Author Archive for Davide Anastasia

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Update on the next release

This blog post is a little update on the status of Luminance HDR.

We have been working on a new version of Luminance HDR since the release of the current version, trying to improve functionalities and add a few more, with the aim of giving you a better software. Our core development team now counts a new member (Bruce), that has been a patch supplier for a long time before joining our team. However, we didn’t plan yet when and how the next release will be (maybe christmas?), so it might take long. Be patient!

In the meanwhile, I (Davide) started a new side project: I am trying to make a library out of Luminance’s engine, in order to offer similar functionalities to other software of the open source community. It is a really big project, that will keep me busy for a long period. However, it is my personal commitment to not leave Luminance HDR, which I’ve been cuddling for more than a year and I am proud of!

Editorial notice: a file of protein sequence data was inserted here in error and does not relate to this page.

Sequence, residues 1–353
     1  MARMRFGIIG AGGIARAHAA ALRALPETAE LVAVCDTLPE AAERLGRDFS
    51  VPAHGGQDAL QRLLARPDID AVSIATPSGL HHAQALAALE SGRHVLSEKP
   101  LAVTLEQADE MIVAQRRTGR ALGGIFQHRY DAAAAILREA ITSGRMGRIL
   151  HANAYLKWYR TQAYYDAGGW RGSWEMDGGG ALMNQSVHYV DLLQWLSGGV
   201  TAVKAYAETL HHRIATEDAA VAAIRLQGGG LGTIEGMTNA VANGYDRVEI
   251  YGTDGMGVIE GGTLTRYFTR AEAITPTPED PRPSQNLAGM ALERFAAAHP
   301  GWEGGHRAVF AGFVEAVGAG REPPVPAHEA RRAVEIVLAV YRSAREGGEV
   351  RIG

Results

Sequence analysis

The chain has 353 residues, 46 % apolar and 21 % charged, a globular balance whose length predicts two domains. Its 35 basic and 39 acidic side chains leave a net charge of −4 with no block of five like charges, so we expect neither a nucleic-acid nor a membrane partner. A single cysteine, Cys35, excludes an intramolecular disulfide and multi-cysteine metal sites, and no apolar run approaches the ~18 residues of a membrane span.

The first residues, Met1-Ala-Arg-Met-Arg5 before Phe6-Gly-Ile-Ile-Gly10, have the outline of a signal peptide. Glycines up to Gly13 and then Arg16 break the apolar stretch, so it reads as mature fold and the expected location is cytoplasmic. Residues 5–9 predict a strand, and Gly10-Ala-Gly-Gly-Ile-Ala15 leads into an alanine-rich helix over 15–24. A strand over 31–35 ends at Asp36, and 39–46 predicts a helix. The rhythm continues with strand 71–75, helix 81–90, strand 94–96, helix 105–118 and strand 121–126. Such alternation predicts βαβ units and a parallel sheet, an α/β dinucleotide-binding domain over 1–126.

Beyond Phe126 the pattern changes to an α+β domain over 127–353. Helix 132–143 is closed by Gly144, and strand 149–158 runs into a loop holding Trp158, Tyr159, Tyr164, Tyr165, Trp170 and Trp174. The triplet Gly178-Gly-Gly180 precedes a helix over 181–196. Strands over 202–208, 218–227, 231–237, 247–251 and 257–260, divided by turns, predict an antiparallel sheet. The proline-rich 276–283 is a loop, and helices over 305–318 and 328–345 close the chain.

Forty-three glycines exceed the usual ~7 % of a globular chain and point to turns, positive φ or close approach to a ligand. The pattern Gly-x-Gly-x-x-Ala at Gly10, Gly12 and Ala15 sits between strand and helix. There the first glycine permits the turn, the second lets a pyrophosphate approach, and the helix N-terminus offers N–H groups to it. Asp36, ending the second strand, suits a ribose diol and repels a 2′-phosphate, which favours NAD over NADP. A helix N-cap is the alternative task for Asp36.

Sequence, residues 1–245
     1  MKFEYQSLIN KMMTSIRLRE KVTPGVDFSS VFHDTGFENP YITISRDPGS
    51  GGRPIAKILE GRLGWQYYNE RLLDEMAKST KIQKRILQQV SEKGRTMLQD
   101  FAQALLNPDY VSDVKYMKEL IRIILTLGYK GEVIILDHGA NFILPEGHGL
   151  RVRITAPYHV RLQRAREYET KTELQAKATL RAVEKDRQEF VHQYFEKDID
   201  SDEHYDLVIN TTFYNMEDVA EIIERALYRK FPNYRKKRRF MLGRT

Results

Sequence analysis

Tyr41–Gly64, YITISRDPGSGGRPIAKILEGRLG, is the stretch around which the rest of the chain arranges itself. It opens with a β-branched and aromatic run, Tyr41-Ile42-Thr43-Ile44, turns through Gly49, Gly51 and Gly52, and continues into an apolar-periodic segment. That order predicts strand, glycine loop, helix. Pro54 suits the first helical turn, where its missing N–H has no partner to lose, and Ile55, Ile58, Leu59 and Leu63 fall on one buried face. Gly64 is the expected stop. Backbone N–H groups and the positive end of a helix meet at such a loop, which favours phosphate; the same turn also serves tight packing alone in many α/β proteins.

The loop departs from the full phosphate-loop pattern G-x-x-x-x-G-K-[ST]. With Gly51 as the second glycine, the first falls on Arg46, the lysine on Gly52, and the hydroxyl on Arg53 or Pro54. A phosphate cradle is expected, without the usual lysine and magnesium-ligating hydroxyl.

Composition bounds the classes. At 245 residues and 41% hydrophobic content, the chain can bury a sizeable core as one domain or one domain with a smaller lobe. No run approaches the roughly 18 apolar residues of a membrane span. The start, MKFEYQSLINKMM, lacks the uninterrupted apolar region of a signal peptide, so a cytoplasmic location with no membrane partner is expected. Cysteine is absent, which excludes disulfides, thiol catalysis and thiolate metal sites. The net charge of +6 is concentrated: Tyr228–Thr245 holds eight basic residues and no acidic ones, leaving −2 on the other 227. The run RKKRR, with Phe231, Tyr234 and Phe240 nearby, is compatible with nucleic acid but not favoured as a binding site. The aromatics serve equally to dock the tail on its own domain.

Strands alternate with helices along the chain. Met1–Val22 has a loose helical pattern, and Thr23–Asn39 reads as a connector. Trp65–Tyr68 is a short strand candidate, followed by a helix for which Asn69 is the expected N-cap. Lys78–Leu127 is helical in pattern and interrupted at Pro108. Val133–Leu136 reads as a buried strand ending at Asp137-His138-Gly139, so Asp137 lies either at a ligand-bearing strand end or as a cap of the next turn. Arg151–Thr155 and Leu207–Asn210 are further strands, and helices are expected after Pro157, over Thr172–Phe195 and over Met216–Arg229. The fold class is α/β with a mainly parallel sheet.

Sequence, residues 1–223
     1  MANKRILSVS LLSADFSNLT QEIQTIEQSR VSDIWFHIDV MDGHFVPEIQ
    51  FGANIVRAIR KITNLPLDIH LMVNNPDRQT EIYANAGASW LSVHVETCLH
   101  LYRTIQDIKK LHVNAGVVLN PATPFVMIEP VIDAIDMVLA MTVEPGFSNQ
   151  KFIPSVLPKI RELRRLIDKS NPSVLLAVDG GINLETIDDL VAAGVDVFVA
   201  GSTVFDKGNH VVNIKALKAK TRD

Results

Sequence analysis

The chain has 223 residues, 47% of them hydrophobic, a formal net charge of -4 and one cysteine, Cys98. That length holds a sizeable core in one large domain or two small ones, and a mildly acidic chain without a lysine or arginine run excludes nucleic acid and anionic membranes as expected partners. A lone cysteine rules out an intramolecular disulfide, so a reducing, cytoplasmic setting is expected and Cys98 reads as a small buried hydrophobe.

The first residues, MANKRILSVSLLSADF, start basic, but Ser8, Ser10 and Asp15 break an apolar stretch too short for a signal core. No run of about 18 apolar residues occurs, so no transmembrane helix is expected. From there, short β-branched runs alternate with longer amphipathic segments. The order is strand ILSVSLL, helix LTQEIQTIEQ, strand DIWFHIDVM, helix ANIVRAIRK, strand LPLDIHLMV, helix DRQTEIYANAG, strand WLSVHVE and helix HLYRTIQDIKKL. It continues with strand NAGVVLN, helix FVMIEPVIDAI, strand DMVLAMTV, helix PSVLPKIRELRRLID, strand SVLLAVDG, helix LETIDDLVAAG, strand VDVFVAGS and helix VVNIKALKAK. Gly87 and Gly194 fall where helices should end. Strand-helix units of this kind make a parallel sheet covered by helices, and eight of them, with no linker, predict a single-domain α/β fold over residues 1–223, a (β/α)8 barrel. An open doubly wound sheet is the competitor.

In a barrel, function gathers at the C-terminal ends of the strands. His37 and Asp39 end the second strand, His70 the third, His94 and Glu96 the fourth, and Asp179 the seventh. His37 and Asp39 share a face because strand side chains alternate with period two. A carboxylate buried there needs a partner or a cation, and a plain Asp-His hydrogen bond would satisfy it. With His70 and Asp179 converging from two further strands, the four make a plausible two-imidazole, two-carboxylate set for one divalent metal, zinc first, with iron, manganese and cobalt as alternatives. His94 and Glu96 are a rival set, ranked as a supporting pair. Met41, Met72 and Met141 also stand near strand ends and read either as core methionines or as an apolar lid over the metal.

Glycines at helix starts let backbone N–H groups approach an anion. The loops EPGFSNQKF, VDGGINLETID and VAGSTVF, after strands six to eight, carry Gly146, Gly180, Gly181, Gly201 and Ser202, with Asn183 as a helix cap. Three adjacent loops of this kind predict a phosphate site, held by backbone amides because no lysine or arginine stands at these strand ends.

Mailing Lists

We decided to open 3 new mailing lists with the aim of a closer relationship with users, translators and potential developers. These mailing lists can be found here:

Feel free to join one or more that our mailing list: we are looking forward for you!

P.S. This blog will not allow comments anymore: use our Users Mailing List instead.

Luminance HDR 2.1.0

We are pleased to announce a new version of Luminance HDR. We are changing Luminance HDR deeply, re-factoring a lot of the legacy code. We are trying to add new features and at the same time take out the maximum from new multicore machines using new development techniques. This version is absolutely a big improvement for Windows users, which will experience a more stable and faster software. I do not want to list all the changes we made for this version, it will be too long, but we are definitely waiting for your comments in order to bring out a version 2.1.1 really quickly with all the improvements and the bug fix that Luminance HDR may require.

You can download Luminance 2.1.0 using one of these links:

[ Windows (32-bit) ]
[ Windows (64-bit) ]